by Hugh Hunter

Though I have seen “A Raisin in the Sun” by Lorraine Hansberry many times, the revival now running at Old Academy Players in East Falls opened my eyes. I was never impressed with the play, but this production brought out its value. I realized for the first time that few performers have the acting chops to play its demanding central roles.

“Raisin” debuted on Broadway in 1959 and won the New York Drama Critic’s Award, a major breakthrough for African American drama. It centers on the desperate dreams of Walter Lee Younger, a menial chauffeur frantic to break out of his Chicago ghetto and become as wealthy as all those white people he squires about town.

With his bodily movement and irritable moods, Jerome Scott captures Walter’s frantic struggle to control his passions. Based on previous productions, I had assumed Hansberry’s script was tricked up. But that is because I never saw a performer genuinely portray Walter’s desperation. (For me, that even includes Sidney Poitier’s mannered movie version.)

Equally trying is Mama, the family matriarch. Try playing a character who is perfectly good. Yet Vanessa D. Ballard pulls it off. Her Mama is thoroughly good-willed and honest. When she laughs, she really laughs; when she cries, she cries. In Ballard’s hands there is not a hint of insincerity in Mama’s wise, anxious effort in bringing her family out of crisis.

The role of Ruth, Walter’s wife, is no walk in the park either. Again, Lynn Shirley comes through in convincing you that Ruth is living a life of distracted agony. The other characters in Raisin at least give the actors some rough edges and character traits to hang their hats on. Teenage William Jiggetts plays Travis, Walter and Ruth’s son. Janae Rockemore is wisecracking, antsy Beneatha Younger, Walter’s sister.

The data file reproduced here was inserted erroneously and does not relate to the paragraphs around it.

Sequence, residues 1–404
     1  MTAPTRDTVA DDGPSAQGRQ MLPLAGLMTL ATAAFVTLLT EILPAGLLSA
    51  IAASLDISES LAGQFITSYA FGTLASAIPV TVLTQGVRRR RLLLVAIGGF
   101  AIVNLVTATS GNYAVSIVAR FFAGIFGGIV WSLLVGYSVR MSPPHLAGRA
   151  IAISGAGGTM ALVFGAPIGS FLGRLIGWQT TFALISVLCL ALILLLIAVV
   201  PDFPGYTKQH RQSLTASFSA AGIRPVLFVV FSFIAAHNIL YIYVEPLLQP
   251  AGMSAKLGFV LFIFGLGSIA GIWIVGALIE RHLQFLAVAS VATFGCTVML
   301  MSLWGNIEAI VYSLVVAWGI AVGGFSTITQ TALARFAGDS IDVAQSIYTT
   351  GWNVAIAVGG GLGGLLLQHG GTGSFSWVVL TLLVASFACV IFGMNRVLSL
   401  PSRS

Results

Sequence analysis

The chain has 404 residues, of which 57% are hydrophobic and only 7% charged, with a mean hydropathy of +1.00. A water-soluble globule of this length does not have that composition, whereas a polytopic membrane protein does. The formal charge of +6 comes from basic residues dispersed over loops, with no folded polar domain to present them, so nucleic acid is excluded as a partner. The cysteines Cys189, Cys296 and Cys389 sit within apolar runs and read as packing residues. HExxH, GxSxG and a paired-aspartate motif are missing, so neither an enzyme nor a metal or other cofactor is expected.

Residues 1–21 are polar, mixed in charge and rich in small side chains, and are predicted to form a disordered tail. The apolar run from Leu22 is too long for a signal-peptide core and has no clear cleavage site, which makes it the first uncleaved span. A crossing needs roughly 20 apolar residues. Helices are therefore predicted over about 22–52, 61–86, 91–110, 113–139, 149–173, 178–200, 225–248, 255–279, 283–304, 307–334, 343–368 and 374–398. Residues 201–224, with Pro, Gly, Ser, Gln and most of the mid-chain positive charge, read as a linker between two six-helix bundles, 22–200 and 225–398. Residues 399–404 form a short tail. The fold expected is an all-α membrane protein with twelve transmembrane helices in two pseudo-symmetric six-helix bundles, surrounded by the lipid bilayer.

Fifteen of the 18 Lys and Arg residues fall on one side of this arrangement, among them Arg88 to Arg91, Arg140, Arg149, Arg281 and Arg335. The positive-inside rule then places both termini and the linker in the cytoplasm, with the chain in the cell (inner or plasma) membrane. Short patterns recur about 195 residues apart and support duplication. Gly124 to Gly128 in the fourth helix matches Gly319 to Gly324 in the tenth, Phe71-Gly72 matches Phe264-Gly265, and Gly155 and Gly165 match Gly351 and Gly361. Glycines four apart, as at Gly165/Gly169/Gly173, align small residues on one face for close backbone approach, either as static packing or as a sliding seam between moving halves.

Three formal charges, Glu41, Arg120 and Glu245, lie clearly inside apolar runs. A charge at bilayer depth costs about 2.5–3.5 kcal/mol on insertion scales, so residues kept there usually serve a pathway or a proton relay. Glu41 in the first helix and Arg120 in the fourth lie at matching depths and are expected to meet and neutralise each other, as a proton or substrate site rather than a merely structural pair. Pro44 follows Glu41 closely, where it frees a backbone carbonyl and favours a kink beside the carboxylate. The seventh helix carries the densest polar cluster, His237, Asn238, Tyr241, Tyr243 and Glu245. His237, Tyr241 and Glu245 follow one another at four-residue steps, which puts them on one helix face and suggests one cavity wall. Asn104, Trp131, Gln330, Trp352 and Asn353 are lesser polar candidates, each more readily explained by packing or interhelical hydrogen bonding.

Rounding out a strong cast: Beneatha’s romantic interests, Joseph Asagai (Brian Neal), a Nigerian, and wealthy George Murchison (Isaiah Price). Bobo (Omar Bullock), Walter’s friend and business associate, and Karl Lindner (Breen Rourke) a white community leader who tries to stop the Youngers from moving into his neighborhood.

The production is actor-driven, but director Carla Childs and Janine Lieberman enhance the show with their atmospheric ghetto apartment, and the AfricanAmerican music between scenes is evocative (Sarah Labov, Childs). For sure, the importance of race in American life is front and center. Does the race reality make the Youngers stronger, or does it work to poison their relationships? In “Raisin,” the matter is touch and go.

Walter Lee Younger triumphs in the end. As uniquely enveloping as American apartheid is, “Raisin” has the power to go beyond race when the Younger family makes good on a universal message: Whatever our circumstances, no worldly success is worth having if it demands our self-abasement and dishonor.

Old Academy is located at 3544 Indian Queen Lane. “A Raisin in the Sun” runs through Sept 30. Reservations at 215-843-1109.

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